Japan's jobless rate held steady in January but consumer spending fell from a year ago, the government said Tuesday, underscoring the fragility of its economic recovery as a political battle rages over the next national budget.
The country's jobless rate stood at 4.9 percent in January, unchanged from December. The seasonally adjusted figure indicates a recovery from the recent downturn, when it crept as high as 5.4 percent in 2009, and matched an average of economist forecasts by the Kyodo news agency.
But the government also said consumer spending fell 1.0 percent in January from a year earlier, as the average salary at working households declined.
The mixed figures reflect economic weakness in Japan, which faces a host of serious problems, including an aging population and a growing national debt. Last week, Moody's Investors Service cut its outlook on Japan's debt rating, questioning the government's power to enact reforms even as it struggles with the highest debt burden among advanced economies.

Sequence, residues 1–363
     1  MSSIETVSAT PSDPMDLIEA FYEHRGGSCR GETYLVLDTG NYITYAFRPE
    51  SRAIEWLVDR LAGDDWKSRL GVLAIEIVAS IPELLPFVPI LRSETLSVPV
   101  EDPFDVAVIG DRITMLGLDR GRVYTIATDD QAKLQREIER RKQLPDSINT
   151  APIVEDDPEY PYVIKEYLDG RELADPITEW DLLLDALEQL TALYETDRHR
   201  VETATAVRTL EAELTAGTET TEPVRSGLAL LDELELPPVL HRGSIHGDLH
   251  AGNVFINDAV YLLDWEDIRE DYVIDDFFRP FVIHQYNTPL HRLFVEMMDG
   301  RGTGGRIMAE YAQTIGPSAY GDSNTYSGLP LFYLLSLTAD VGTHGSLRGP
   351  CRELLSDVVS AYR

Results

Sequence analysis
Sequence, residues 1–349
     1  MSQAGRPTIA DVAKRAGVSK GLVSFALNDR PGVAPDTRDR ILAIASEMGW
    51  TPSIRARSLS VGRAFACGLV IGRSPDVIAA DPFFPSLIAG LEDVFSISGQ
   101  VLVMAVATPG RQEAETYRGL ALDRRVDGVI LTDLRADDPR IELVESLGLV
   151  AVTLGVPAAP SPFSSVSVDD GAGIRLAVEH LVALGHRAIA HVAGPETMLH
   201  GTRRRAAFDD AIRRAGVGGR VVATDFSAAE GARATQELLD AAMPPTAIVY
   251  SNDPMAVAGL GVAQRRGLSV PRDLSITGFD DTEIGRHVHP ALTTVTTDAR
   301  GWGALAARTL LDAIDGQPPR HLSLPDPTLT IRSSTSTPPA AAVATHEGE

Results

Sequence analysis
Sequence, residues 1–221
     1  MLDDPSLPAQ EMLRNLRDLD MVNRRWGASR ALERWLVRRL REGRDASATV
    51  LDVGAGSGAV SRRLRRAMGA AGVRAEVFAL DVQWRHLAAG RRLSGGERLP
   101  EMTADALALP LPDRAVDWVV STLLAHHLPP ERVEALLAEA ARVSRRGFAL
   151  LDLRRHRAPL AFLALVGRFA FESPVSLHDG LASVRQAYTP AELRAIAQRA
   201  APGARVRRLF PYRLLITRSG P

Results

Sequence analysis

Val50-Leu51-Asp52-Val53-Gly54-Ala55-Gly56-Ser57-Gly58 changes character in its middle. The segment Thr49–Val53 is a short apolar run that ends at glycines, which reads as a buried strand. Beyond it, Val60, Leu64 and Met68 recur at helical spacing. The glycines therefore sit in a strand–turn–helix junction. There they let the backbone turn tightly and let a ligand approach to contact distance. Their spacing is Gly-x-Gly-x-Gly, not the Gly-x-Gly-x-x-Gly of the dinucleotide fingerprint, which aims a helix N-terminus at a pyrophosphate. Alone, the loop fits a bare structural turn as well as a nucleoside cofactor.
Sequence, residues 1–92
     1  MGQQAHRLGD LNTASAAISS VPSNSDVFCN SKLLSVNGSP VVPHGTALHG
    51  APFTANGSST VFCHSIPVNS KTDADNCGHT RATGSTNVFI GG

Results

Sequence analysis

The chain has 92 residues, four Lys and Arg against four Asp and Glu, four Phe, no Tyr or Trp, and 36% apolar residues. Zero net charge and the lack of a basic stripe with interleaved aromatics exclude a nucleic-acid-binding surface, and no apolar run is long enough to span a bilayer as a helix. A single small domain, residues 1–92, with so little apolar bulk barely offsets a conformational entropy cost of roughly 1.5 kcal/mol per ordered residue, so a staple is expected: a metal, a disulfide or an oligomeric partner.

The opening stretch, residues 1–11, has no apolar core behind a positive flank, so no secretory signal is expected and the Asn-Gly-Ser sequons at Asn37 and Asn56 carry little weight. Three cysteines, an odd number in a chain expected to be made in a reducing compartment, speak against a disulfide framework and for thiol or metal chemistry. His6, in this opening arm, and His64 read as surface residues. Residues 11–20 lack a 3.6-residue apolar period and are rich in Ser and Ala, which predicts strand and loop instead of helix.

Prime Minister Naoto Kan's ruling party is trying to pass a fiscal budget against stiff political opposition. The budget plan cleared Japan's more powerful lower house of parliament early Tuesday as the ruling Democrats try to enact it by the start of the fiscal year in April.
Under the Constitution, a budget bill passed by the lower house automatically becomes law if the upper house _ now controlled by the opposition _ does not vote on it within 30 days or votes it down.
The gridlock has made many Japanese disillusioned with politics and critical of Kan in particular. His approval rating has fallen below 20 percent in a recent Kyodo poll, raising questions about the political longevity of the prime minister, Japan's fifth leader in less than four years.
While the general drop in the jobless rate is a sign that the country's corporate recovery may be trickling down to the labor market, the fall in spending is a negative. Exports have driven the Japanese economic recovery so far, but private consumption is a critical part of the equation, making up around 60 percent of GDP.
The latest figures come a day after a separate set of data indicated a recovery for Japan's manufacturers. The government said Monday that industrial production rose for a third straight month in January and that the country's output "continues to show an upward movement."
But deflation continues to loom as a threat. Last week, government data showed that consumer prices fell for the 23rd straight month, and price falls can lead to wage declines.